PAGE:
A wonderful aspect of Amateur Radio is the on going opportunity to share what we learn, or in “Ham Speak” to be an “Elmer” by teaching & mentoring.
There is something so special about encouraging someone to get on the air, or work their first contest, or to try digital modes, or to take a turn as net control, or any of the 100’s of other operating experiences.
I’ve been lucky and met some very fine people who have taken time to explain what to do, shared their experiences on what worked well for them, and have offered both encouragement and advice.
A puzzling side of the hobby is those of us who purposely miss out the chance to share, rather holding-close their knowledge & never passing on what they have learned.
One wonders if they are taken with the mystique of the hobby – puffing up & making a display for effect and not disposed to explaining how they pulled off that DX contact or Managed that Net. Sort of the thing like in the Wizard of Oz where the great Oz was really just a clever man who’s nature was to not share his understanding of technology, hiding behind it as something greater than he actually was.
Or is it the more likely situation that not everyone can Elmer and those who might need to be learn how just like they learned all their other radio skills?
The few of us to who instructing & mentoring comes with great difficulty because the strengths of our personalities are different than the needs of the tasks of an Elmer are rare.
But those of use who haven’t yet discovered a Elmering pattern, a set of methods that work for us, are common.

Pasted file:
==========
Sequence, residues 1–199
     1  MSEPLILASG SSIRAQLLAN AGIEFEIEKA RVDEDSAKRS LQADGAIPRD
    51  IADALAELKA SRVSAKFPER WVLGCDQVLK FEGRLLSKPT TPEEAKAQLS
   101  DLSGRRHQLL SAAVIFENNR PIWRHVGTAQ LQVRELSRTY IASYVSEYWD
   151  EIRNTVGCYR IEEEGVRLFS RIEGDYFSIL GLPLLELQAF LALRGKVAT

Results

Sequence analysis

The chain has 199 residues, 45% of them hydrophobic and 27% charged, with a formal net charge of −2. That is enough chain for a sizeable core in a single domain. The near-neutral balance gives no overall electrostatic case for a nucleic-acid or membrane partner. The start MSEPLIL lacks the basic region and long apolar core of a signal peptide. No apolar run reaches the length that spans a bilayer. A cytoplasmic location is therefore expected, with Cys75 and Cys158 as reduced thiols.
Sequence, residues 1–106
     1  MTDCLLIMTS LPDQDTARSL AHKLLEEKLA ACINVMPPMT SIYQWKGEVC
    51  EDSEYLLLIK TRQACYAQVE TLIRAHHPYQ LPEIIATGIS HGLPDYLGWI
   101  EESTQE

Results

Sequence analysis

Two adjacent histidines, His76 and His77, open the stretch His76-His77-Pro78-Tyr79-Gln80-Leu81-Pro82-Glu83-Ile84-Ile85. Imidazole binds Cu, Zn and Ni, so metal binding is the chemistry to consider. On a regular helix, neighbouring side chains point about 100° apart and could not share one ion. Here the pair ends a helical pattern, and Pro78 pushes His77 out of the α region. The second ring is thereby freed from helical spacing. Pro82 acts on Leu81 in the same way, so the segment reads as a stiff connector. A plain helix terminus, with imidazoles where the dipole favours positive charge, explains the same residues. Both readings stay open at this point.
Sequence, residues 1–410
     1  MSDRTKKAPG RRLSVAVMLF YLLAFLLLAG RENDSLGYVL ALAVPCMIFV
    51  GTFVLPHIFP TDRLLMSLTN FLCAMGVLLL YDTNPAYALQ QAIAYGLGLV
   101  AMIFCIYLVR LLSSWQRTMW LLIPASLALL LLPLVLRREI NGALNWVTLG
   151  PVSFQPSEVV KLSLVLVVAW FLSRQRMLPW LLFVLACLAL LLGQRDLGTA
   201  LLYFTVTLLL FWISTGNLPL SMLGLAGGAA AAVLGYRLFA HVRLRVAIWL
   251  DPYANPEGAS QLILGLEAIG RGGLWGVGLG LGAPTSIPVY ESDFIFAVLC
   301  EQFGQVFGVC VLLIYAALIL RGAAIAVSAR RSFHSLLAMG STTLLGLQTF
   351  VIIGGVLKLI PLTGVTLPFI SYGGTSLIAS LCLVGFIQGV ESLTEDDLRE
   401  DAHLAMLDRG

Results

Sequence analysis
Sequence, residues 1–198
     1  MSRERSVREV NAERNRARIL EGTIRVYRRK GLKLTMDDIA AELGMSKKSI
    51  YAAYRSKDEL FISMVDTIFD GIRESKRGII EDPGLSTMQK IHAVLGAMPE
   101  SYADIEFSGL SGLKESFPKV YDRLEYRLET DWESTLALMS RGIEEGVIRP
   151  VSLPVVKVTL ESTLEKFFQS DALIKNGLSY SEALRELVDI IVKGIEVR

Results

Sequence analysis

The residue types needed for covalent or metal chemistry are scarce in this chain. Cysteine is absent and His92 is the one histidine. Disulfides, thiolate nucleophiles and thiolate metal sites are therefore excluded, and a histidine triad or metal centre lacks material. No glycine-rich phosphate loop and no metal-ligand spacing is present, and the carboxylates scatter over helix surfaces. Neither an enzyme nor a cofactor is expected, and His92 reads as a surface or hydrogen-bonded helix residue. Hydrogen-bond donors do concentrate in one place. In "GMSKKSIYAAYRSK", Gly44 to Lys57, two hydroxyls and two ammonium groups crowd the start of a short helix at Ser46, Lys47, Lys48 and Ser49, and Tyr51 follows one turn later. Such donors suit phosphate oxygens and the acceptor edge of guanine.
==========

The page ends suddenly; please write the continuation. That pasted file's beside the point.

When given confidence that they know the material, the situation is under control, and with the knowledge that what they are doing is important & special, many an Amateur would do just great at Elmering.
Not everyone takes well to the “toss them in and see if they swim” introduction to Elmering – the Radio equivalent where without much preparation you are pushed off the end of the dock and told to “just swim.”
Most of us like to be prepared to do something we’ve not done & might find difficult.
In my industry there are several “Train the Trainer” programs, where specific skills are taught to people who will instead of just using the skills (Technical or Safety) are expected to teach those skills to others.
Maybe it is time for clubs & organizations to look at doing “Train the Trainer” Amateur Radio education?
Every opportunity to help another Radio Amateur should be a natural call to action to share, teach and encourage, or we’ll be no better than that “Man Behind the Curtain” pretending to be “The Great Oz.”